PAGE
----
Once the GPS is locked, check the PPS status:
$ sudo ppstest /dev/pps0

Sources:

FreeBSD Code of Conduct

Slashdot linked to the FreeBSD Code of Conduct. The article claims there is some controversy, so that’s what the comments focus on. I wrote:

Having just read the Code of Conduct, it seem generally fine. Some of my concerns are that the rules are too broad, and some are that they are too narrow.

The “Comments that reinforce systemic oppression related to” wording seems super vague. This portion has the highest potential for abusive use. To be clear, I’m fine with all the protected criteria that come in that rule. I’d much prefer replacing that with “Harassing comments related to”

The “unwelcome comments” thing is pretty broad. If someone says to me on IRC, “I’m tired all the time.” and I say, “You should stop eating so much junk food and get some exercise.”, I’m now in trouble if they feel that comment is unwelcome. With this rule, the only option for me is to never engage in such a conversation. Is that helpful or harmful to building relationships and living fulfilling lives? I think it’s more harmful than helpful. Now, I agree that continually nagging that person to eat healthy is inappropriate. If this was limited to “repeated”, “after being asked to stop”, or similar, it would be better.

I have some concerns about the “dead” names thing. I get and agree with the point: use the names people pick for themselves. As long as this isn’t enforced robotically, it should be fine. There are some legitimate reasons to use names that were in use in times in the past. For example, I think citations to publications should use the name of the author at the time it was published, because the point of the citation is to help you find the publication. This is supported by, for example, an APA Style Blog post. The issue of whether to change one’s name is complicated for the individual and has implications for the wider community.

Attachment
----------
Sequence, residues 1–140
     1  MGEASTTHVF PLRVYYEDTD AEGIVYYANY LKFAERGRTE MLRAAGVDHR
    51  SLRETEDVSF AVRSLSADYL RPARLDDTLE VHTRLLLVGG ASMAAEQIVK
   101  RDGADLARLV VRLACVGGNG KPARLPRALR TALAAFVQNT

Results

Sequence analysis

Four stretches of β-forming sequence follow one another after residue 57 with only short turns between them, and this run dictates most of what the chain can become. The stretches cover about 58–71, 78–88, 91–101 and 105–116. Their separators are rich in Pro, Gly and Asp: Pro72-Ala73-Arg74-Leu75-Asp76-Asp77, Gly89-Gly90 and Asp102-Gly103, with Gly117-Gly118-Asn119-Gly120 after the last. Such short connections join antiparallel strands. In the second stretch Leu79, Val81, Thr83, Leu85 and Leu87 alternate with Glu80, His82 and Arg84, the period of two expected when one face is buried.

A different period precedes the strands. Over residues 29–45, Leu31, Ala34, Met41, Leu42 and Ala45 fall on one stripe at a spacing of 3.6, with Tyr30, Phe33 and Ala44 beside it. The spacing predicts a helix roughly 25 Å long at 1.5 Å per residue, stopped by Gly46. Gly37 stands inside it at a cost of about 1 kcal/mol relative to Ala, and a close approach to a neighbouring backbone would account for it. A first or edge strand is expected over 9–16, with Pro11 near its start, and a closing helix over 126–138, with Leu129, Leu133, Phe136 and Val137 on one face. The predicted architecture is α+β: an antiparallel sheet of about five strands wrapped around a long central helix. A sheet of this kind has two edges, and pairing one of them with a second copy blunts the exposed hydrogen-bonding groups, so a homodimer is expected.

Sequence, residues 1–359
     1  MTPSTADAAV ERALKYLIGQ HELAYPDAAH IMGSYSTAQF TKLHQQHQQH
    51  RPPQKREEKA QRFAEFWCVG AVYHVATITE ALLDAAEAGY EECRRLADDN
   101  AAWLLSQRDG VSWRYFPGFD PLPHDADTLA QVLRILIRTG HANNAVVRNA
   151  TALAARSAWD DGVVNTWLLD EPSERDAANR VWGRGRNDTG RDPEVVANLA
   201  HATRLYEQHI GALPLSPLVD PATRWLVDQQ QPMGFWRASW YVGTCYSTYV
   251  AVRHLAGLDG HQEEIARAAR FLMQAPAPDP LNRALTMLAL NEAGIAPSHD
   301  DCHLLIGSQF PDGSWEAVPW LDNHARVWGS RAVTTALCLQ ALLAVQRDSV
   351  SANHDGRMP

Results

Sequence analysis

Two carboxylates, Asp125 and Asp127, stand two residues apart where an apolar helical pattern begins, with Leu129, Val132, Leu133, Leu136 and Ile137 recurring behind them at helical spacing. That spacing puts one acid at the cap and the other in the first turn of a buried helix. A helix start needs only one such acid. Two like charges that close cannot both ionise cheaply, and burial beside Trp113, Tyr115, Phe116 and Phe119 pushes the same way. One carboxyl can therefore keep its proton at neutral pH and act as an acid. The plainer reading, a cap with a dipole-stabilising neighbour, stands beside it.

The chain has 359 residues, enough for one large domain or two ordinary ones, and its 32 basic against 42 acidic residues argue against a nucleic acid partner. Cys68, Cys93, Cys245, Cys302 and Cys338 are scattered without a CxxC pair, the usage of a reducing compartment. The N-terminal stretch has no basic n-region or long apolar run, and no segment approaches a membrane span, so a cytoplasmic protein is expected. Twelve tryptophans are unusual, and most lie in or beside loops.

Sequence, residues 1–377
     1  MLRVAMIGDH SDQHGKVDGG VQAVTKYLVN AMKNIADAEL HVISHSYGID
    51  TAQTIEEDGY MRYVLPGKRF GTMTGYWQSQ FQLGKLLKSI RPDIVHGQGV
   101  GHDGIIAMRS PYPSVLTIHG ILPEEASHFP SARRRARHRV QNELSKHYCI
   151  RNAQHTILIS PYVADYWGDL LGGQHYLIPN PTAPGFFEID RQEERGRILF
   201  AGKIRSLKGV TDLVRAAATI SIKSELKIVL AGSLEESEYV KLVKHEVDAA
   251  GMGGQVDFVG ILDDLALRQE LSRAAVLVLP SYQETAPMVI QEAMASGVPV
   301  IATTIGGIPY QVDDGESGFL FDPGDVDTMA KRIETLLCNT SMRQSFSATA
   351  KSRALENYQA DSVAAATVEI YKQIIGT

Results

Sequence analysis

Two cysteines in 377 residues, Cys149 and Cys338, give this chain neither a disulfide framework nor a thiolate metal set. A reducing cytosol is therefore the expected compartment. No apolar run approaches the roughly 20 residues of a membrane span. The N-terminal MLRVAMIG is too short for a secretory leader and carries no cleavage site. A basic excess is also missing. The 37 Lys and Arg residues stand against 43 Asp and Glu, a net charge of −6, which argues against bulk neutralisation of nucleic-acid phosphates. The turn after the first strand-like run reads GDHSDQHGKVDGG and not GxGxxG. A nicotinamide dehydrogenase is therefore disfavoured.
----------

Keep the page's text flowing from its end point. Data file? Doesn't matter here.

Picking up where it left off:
For another example, yesterday I was considering replying to a years-old mailing list comment, and quoting some text. The author of the quoted text is trans and has changed names. Am I required to edit the “On DATE, NAME wrote:” line? To be clear, in new text, I would address this person using their new name (and have actually done so). I said in a follow up comment: I actually struggled with this for several minutes before ultimately deciding to just drop the “On DATE, NAME” bit. I ultimately determined the answer to my own question, so I dropped the email before sending it.

I personally don’t see a problem with person A saying “*hugs*” to person B without (advance) consent. Though, this is situational. If someone says, “Sorry for the delay on this bug, I’ve been distracted. My dog died.”, I see no problem with “Sorry to hear about your dog. *hugs*”. On the other hand, something like “You’re such a special snowflake. *hugs*” is an improper ad hominem attack. Even in the first example, I do have a problem if they keep doing it after being told by person B to stop, so that rule is fine. On the other hand, saying “*backrub*” out of the blue does seem across the line. I’m struggling to think of an example where that would be unambiguously appropriate.

I’m not sure why the “as necessary to protect vulnerable people from intentional abuse” exception exists to the “outing” rule. Why would it be necessary or acceptable to out someone to protect them? I said in a follow up comment: In terms of the exception to the “outing” rule, I was assuming that the person being outed was the vulnerable person. I see my error now, and this makes sense.